In studying the impact of leadership education on students, Rosch (2015) found few gains in the leadership capacity of 285 engineering students’ after a semester-long classroom-based team experience. However, Williams, Townsend, and Linder (2005) found that students retained the same amount of knowledge comprehension of leadership for each year for three years after they took a leadership course. The students also reported using their leadership knowledge with the same regularity over the three years. In another study, Rosch and Collier (2013) examined the incoming leadership-oriented differences between 166 students enrolled in either an elective leadership studies course or an elective team-based engineering projects course to determine significant predictors of transformational leadership behavior. Students enrolled in the leadership course scored higher on measures of both transformational and transactional leadership behaviors, as well as motivation to lead.
Although these types of studies are crucial to understanding the role of leadership education in college students’ understandings and development as leaders, a missing element is students’ perspectives of the programs themselves. In reflecting on our own leadership development minor, we have debated the merits of a skills-based or theory-driven approach. We have discussed the challenges of delivering leadership training via online instruction and the overall learning outcomes we are targeting. In our discussions we realized the need to better understand our students’ thoughts and perspectives on the program. How are they experiencing the program and what do they think are the benefits and quality aspects of the program? In these discussions, we also wanted to gain a larger perspective on the design side of leadership development programs and talk with other program coordinators about what they perceive are the benefits of their programs and what they know or think they know concerning their students’ perceptions of their programs. As Rosch and Collier (2013) argued, “the more educators can understand about the types of students who elect to participate within their courses, the better they will be able to help them learn” (p. 104).
Sample and Procedures. In order to answer our research questions, we used a mixed methods research design that included a short survey consisting of closed-ended and open-ended items and a semi-structured interview. We collected survey data from two different stakeholders of a leadership development minor located in the southeastern United States: current undergraduate students and alumni. We sent a recruitment message via email to 137 current students and 680 alumni who were awarded their degrees from 2007 to 2016. Our informed consent document stated that all responses would remain anonymous, and there would be no negative consequences associated with an individual’s decision to participate (or not participate) in our research. Our informed consent document also stated that participants would be eligible to win 1 of 10 $100 cash prizes (5 for alumni and 5 for current undergraduate students). We sent a reminder message two weeks later to all potential participants. In terms of our response rate, we received responses from 27 students (20% response rate) and 103 alumni (15% response rate).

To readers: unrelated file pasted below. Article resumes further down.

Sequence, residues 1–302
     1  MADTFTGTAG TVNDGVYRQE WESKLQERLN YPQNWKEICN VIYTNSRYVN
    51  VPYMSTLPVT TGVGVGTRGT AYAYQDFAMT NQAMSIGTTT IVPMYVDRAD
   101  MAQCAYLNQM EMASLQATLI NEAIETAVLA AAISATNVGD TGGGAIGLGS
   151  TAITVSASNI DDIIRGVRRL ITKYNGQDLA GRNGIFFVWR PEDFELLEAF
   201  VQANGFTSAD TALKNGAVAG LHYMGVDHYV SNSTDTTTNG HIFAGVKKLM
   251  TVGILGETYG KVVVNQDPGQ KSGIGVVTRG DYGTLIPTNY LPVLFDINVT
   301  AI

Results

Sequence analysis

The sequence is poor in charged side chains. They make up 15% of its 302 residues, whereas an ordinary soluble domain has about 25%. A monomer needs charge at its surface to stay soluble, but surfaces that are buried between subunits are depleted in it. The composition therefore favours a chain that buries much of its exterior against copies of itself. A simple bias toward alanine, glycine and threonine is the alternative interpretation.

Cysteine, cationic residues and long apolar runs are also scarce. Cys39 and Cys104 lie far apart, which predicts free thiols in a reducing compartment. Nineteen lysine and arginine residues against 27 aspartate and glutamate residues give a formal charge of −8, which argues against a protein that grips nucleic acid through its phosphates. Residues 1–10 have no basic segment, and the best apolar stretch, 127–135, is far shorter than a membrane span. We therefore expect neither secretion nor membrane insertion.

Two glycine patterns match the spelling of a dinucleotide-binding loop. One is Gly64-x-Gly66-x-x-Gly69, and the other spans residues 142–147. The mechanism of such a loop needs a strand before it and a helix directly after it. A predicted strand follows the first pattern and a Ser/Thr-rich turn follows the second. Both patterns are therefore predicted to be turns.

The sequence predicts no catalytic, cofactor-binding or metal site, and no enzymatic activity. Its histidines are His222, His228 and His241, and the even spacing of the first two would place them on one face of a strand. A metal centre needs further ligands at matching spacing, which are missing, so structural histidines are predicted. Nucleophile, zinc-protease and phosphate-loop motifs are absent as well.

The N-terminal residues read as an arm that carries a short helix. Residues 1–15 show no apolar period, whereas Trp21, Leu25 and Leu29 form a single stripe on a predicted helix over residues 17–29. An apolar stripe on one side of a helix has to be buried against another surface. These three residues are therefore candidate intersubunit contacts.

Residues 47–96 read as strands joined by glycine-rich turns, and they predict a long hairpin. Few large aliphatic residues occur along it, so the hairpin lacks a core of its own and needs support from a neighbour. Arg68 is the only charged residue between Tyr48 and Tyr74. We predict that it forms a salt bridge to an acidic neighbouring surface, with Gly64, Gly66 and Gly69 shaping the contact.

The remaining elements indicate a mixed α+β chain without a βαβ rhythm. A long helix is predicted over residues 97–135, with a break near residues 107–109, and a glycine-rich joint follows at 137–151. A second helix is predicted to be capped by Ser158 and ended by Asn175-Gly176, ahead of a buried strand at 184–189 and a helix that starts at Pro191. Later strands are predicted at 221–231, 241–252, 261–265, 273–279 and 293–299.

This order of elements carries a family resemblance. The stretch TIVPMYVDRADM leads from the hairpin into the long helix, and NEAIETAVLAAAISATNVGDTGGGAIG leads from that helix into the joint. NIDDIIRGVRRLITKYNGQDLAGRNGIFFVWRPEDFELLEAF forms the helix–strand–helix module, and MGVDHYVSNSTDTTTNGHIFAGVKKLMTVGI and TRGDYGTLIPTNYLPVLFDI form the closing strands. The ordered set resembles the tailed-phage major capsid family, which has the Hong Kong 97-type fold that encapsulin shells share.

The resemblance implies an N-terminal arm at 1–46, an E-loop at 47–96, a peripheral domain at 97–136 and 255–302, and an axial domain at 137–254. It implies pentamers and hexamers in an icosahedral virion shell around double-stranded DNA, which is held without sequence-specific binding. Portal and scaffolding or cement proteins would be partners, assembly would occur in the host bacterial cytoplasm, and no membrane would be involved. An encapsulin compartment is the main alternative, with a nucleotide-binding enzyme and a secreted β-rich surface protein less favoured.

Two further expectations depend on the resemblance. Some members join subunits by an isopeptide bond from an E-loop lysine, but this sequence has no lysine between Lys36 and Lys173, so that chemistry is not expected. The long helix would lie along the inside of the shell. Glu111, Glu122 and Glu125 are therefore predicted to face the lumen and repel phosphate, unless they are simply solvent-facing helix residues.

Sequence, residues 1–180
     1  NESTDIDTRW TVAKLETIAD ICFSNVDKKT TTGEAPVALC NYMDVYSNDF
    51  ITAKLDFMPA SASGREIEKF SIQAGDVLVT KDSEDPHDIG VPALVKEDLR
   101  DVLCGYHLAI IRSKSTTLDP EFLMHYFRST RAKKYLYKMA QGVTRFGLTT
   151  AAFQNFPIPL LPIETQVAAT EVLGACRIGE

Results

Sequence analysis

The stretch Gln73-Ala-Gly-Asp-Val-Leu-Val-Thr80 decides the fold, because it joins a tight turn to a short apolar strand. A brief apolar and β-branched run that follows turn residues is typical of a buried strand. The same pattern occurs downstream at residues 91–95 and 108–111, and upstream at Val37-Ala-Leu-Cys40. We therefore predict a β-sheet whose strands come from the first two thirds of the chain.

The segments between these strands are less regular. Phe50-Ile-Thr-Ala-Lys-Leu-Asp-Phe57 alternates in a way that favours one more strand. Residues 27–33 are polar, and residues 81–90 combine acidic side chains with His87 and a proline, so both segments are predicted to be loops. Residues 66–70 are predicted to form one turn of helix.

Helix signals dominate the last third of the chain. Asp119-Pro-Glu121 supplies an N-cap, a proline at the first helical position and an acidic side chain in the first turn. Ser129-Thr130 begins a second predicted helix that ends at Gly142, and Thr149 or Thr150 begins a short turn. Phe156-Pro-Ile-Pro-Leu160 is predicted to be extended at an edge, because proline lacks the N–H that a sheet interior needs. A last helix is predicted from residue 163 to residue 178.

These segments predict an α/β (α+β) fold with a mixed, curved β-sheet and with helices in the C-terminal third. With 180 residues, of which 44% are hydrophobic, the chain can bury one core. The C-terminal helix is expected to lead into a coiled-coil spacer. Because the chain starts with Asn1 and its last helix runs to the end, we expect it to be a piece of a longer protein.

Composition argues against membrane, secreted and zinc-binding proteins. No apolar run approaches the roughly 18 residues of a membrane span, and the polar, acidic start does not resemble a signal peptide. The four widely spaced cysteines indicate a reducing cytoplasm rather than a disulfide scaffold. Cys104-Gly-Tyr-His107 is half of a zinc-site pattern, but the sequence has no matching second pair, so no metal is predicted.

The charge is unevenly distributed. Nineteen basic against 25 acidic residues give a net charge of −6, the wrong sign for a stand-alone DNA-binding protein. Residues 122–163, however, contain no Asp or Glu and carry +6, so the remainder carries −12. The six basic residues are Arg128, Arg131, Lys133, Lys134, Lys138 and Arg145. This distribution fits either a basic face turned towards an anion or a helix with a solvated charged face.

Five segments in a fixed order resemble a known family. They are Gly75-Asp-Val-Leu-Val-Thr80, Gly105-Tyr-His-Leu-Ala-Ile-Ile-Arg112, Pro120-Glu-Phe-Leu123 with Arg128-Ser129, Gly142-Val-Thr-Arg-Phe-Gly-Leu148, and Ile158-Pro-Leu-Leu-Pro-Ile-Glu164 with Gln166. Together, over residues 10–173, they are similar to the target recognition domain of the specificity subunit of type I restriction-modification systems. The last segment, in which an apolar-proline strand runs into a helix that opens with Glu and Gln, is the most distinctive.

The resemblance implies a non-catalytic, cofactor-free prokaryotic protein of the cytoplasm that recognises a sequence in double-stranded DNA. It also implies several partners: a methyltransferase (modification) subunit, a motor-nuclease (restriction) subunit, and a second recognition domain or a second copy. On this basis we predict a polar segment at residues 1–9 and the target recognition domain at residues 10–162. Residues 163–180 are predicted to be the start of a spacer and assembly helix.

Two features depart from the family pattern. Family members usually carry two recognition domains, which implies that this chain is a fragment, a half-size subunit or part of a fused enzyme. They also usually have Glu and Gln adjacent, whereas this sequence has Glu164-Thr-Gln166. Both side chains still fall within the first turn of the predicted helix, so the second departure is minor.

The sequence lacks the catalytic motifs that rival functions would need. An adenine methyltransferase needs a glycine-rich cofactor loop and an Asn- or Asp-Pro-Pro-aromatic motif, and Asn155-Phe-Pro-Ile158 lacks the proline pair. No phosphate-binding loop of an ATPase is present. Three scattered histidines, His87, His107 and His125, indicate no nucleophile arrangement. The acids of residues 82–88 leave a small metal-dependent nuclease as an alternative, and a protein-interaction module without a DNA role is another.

Respondents in both groups (current students and alumni) were primarily Caucasian (76%), and female (68%). And there was not much variation in age, with current students being in their mid-twenties (Mage = 24.52, SDage = 8.81) and alumni being in their late twenties (Mage = 27.81, SDage = 5.72). Students represented a variety of majors (e.g., sports administration, interdisciplinary studies, english, digital advertising) and alumni represented a variety of work areas including government, sales, consulting, and education. Fifty percent of alumni indicated that they are currently in a supervisory role in which they are responsible for the work of at least one other individual.
We also conducted seven interviews of leadership development minor program coordinators at comparable university programs. The interviews provided a larger context for the understanding the student survey data and the design side of leadership education programs. Our institution had identified a list of peers for its strategic planning process, which consisted of 13 institutions that were also public universities with a land grant mission, Carnegie Research designation as Very High Research Activity, without a medical school, and located in the Midwest or South. We reviewed the websites of these peer institutions to identify comparable leadership development minors. A comparable leadership development minor program was determined to be one that is open to all students in the university and is not discipline specific (i.e., agricultural leadership or engineering leadership). We compiled a spreadsheet of all possible leadership programs and reviewed it to determine if the program met the “comparable program criteria.”
Of the institutions reviewed, three appeared to not have comparable leadership development minor programs. The contact information for coordinators or key personnel for the remaining ten comparable programs was obtained. An email request was sent to these individuals requesting a brief (20-30 minute) information gathering interview to learn about the development of the leadership minor program and about the student experience. Of the ten, seven leadership minor program coordinators were interviewed using a semi-structured protocol that contained eight questions. The interviews were audio recorded and transcribed by a professional transcription service.